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Sydney rental requirements



Hi all,

I just have a couple of quick questions on rental requirements in Sydney. From my understanding the rules can be quite strict.

- Are there any firm rules when it comes to income vs rental?

- I read somewhere that agents don't want places to be overcrowded and tend not to accept applications that will require bedroom sharing. We have two boys aged 4 and 6 that currently share a bedroom despite each having their own, so I was thinking of initially just renting a two bedroom place until we find our feet. Would this be allowed?

- We would like our son to start school as soon as possible after we arrive, but we require a 12 month lease and a utility bill before we can enrol him at the school. How do people get around this? We do have a family member that might be willing to view properties on our behalf if this would be allowed?


Edited by CTtoAus
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It is not that they are strict, how it works is that

They have an open day for people to check the place, lots of people show up to check, the good places, not expensive for the area, well looked after, close to trains, close to good schools will have more people

Multiple people submit applications, the applications ask for quite a bit of info

The Agent and the owner then look through the applications and pick the best one based on who they think will do the least damage to the property and have the most chance of keeping up the payments


So it is not that there are rules, a couple with no kids will probably get the place before a couple with kids & a family with an existing fixed job will probably get the place before a new arrival with no job, pets make it harder, i have found that they are not interested in credit history from RSA or previous agents, probably because they get multiple application so dont need to call internationally outside of office hours when there is someone that ticks all the boxes also applying, just give it to the local bloke.


I am not saying you wont find a place we all did, just be aware that you might not get the first place you apply for, there are a few things you can do to improve your chances, include a short cover letter with a pic of your family that shows you are not axe murderers, include a bank statement showing you have savings so will have money to pay the rent, check for lots of places, apply for several, look around when you are at a showing those are possible competitors, it is like applying for a job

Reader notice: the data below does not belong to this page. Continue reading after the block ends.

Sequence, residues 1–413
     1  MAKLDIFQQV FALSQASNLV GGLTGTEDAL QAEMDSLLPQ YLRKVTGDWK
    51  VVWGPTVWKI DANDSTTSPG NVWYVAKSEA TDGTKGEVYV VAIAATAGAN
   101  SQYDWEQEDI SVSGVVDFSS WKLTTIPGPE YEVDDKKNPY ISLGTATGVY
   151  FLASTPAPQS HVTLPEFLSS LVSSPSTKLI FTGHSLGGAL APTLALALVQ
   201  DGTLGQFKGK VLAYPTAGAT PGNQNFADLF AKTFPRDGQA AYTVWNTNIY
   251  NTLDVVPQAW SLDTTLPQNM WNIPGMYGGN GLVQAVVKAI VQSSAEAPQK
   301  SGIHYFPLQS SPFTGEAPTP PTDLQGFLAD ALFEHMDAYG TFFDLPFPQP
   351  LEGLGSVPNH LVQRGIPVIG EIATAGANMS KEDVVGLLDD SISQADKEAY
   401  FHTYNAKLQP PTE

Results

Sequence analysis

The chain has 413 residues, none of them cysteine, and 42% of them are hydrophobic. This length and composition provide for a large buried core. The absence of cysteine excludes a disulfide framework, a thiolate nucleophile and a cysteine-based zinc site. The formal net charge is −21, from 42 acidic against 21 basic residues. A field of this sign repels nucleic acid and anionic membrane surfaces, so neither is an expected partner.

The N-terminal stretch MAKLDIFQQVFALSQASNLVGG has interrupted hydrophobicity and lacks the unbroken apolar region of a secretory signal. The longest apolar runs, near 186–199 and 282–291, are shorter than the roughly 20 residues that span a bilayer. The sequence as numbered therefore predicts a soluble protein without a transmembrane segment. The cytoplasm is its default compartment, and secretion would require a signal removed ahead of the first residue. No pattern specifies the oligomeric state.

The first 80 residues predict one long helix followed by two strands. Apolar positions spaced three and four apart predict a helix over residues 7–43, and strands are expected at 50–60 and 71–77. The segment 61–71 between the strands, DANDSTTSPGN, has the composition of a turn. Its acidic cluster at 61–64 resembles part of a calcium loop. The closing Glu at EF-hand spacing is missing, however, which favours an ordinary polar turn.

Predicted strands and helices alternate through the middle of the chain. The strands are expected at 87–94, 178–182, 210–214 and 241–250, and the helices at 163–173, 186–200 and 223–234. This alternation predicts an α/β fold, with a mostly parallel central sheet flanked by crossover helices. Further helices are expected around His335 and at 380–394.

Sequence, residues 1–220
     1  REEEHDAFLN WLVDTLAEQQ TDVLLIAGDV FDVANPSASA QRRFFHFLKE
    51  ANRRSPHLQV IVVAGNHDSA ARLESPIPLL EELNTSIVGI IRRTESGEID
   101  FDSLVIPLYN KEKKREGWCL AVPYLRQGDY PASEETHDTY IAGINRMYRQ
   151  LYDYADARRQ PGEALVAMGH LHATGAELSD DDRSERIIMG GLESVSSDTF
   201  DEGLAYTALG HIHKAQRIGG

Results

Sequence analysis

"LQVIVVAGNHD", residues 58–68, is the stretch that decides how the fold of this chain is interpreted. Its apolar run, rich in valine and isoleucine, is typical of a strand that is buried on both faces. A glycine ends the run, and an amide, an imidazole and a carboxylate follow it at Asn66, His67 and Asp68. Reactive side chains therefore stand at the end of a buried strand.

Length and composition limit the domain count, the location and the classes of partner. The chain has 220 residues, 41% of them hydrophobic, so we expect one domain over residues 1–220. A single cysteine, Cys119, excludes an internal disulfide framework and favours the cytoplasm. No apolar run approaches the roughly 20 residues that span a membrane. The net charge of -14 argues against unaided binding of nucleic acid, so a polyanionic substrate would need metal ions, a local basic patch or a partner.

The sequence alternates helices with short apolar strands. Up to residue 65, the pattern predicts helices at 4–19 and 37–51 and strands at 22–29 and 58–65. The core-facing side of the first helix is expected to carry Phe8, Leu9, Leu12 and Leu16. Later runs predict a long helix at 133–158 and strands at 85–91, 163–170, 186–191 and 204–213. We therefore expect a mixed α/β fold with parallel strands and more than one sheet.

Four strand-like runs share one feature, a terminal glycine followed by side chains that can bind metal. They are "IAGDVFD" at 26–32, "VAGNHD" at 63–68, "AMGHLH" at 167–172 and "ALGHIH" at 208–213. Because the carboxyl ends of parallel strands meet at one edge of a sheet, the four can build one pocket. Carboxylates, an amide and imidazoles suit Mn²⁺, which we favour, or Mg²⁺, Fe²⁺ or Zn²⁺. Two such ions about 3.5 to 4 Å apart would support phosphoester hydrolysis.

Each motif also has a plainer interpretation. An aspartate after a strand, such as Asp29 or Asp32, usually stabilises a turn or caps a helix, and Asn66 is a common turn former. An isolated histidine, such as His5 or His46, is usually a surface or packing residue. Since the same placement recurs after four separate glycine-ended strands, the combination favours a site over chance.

Agents are not there to find you a place, they work for the property owners and their job is to find the best tenants for the owner, once you understand that, it becomes a lot easier to understand the process


Agents are also not happy with other people viewing on your behalf, this seems to be a general thing as i have heard it several times now, you might get away with it if you find a place nobody else applies for, but if nobody else applies you probably shouold see it for yourself


Edited by Nev
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Thanks so much for the detailed response @Nev. That is very important information to have and I will take it into account in our planning.

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Unfortunately @CTtoAus, renting as become a political issue at the moment. Victoria (the state where Melbourne is) has put in tough new laws to protect renters. 


The issue is that most people who buy a rental property are "mom and pop" investors who have done insufficient research and know very little about the applicable laws. They buy properties because of reasons like "the Chinese are coming in and buying up properties at inflated prices!"   or  "my mate just sold his property for a fortune!!"  There was a survey done on this, the link is below.


The issue is the low interest rates and the tax breaks given to the "mom and pop" property investors have meant they have bought up a large slice of the property market. That forces many people to become, "life long renters". The "life long renters" are not happy about the status quo, especially the tax breaks their landlord gets. So the solution is more laws to protect renters. Nothing like more legislation to fix the fall out from the previous legislation.

The issue is that there is a shortage of infrastructure. Australia has lots of land... but if you live far out of Sydney, you spend 4 hours a day travelling because the trains are overcrowded and late or you need to catch 3 buses and they are always late.


Unfortunately, it could take a while before New South Wales catches up with similar laws. So, for now in Sydney, they can use loopholes to reject your rental application because you are Korean and "Korean food smells".  The only upside is NSW is spending $80 billion on infrastructure... but at the rate Sydney is growing, that could be too little too late.


Vic laws:




Property investor survey:



Sydney's $80 billion infrastructure spend:


Edited by monsta
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